13 Feb Route 66 – onto Williams, AZ
As much as we loved Holbrook, we knew we had a lot of ground to cover in one day if we intended to cross the whole state – so we opted to take the Freeway (#40) from Holbrook to Flagstaff, and figured THEN we would drive only on Route 66. Sadly, we were cruising at such a high speed on this very desolate stretch of road and must have been gabbing – we missed the turnoff to Winslow, Arizona (“such a fine sight to see” – of The Eagles fame!!). But we pressed on and decided to have lunch in Flagstaff at a funky diner in the Howard Johnsons called “The Crown Railroad Cafe”. Not surprisingly titled, as the railroad tracks ran flat along next to us the whole way over and sure enough – there they were directly across the street (er, Route 66) from lunch! Which was delicious by the way – a green chile stew! Love green chiles! Oh yes, they also had a miniature railroad that ran along a rail above our heads and around the entire restaurant! Fun!]
Heading out of town, we passed this gem – The Western Hills Motel! and much as we were anxious to be a part of the old Route 66, this section appeared to be fairly closely merged with #40 till we got to Williams.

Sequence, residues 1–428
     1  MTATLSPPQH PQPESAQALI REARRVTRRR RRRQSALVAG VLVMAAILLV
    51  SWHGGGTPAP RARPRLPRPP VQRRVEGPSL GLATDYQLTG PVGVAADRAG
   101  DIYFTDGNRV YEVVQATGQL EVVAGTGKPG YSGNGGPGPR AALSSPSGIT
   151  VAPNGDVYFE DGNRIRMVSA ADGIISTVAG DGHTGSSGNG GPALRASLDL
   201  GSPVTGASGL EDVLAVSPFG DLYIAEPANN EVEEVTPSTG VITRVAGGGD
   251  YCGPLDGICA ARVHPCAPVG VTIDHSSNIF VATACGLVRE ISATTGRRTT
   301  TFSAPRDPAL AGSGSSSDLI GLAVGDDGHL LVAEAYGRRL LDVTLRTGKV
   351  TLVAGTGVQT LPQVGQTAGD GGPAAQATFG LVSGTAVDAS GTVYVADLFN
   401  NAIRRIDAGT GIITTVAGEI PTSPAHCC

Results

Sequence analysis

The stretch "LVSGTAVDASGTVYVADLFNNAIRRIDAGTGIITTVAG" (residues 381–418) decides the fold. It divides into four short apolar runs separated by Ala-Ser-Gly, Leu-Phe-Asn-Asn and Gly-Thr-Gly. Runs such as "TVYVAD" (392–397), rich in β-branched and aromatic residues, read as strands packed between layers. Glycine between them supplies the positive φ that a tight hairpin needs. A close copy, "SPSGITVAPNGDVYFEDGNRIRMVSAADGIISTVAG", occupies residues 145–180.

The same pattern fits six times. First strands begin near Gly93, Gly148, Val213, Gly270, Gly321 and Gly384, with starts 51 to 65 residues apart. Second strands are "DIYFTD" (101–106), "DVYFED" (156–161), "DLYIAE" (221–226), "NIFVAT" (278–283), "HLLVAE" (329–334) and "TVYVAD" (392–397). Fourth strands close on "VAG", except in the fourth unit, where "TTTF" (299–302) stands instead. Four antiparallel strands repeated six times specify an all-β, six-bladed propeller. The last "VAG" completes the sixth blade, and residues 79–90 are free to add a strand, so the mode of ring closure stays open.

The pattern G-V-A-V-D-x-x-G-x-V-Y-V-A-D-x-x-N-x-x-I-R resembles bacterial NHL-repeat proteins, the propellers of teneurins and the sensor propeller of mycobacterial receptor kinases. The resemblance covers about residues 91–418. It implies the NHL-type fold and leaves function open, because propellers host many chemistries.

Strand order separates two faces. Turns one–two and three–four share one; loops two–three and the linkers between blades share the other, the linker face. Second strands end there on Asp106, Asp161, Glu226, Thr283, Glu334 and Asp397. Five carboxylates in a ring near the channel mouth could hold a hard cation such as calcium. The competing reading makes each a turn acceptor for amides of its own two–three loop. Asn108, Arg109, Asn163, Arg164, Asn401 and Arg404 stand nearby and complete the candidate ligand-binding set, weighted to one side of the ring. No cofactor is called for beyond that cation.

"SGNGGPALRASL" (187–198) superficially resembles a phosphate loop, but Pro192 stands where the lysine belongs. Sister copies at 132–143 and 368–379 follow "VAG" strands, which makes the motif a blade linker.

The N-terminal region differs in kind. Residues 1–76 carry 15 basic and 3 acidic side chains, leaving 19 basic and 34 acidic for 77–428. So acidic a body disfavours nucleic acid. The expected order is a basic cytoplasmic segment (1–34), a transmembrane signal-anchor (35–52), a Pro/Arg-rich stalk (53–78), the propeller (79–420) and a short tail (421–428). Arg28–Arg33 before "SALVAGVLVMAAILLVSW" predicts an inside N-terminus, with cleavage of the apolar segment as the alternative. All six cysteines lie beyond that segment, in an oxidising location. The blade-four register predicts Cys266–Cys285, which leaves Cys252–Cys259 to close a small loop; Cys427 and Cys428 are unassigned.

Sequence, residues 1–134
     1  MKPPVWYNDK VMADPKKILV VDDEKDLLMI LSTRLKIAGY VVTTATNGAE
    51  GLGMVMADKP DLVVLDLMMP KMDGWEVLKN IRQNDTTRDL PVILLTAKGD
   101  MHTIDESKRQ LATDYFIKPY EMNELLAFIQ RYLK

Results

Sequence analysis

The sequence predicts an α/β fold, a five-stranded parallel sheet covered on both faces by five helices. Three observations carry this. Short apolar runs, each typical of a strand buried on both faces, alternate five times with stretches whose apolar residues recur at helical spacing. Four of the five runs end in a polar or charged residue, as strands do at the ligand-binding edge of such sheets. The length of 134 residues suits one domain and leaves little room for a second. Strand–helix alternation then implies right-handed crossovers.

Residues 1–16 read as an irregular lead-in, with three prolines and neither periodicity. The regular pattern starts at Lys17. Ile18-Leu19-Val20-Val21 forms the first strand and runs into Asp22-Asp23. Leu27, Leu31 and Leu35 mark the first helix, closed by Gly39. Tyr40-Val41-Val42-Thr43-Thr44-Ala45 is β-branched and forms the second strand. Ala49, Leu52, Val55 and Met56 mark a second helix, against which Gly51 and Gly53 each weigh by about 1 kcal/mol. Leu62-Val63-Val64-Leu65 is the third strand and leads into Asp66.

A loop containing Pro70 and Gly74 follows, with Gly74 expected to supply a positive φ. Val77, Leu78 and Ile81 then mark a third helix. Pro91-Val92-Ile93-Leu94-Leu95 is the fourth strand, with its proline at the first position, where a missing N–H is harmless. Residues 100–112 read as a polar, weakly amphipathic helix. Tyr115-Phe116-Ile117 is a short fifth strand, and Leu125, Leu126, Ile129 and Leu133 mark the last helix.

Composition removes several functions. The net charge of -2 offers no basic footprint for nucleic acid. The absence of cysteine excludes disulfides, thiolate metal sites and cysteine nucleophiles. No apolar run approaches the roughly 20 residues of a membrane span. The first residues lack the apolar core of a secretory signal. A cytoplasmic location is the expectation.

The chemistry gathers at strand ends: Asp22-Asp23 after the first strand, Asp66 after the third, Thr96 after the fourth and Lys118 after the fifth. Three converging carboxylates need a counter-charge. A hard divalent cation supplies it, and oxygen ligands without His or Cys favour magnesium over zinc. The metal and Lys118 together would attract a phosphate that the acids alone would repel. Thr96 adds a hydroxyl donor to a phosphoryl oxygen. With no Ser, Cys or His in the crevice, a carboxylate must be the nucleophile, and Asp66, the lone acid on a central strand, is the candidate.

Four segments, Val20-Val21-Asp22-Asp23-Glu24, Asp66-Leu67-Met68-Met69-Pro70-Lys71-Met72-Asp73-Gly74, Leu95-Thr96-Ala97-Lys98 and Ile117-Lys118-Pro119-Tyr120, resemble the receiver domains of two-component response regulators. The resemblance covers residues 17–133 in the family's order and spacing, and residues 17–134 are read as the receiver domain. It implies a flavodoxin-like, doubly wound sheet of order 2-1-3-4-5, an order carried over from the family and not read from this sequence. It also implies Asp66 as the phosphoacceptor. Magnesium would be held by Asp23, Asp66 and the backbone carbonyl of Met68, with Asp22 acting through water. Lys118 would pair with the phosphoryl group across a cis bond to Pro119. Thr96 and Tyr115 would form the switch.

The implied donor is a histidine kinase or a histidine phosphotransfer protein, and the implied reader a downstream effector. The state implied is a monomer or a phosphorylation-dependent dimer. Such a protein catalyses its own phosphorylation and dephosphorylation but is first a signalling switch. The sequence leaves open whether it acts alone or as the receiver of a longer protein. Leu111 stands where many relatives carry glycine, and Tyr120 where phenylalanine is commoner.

We had been warned that the main street in Williams was actually two one way streets, so as usual we were driving very slowly so I could jump out and take pictures. The first thing we came to was Rod’s Steak House (I have a brother-in-law named Rod, so you can imagine how excited I was to see this place)! I got some great snaps, but had no idea of the jackpot waiting on the uphill side of the street! Right now I’m working on a 48″ x 48″ oil painting of the neon Rod’s Steak House sign. Will be posting when I’m finished! I wish I could tell you more about the history of Rod’s, but their site appears to be down right now – all I know for sure is that it’s been open since 1946 – a real success story for any restaurant!
Williams roots go back to 1882 when the town was brand new, having been created for the construction of the Atlantic and Pacific Railroad. It was set to be next in the western push from New Mexico through northern Arizona and then on to California. The rails would connect Arizona’s last frontier with national markets for beef and wool.
Today, you can catch a train ride to the Grand Canyon from Williams, but it looks to me like the main attraction is our dear ol’ Mother Road!
We enjoyed strolling around the Route 66 – themed town of Williams, which is just one hour south of the Grand Canyon.The town was named for Bill Williams who was a trapper, pathfinder and guide in the 1820’s, 30’s and 40’s, and whose contemporaries were other famous mountain men including Jim Bridger, Mariano Medina, James Beckworth, and Kit Carson.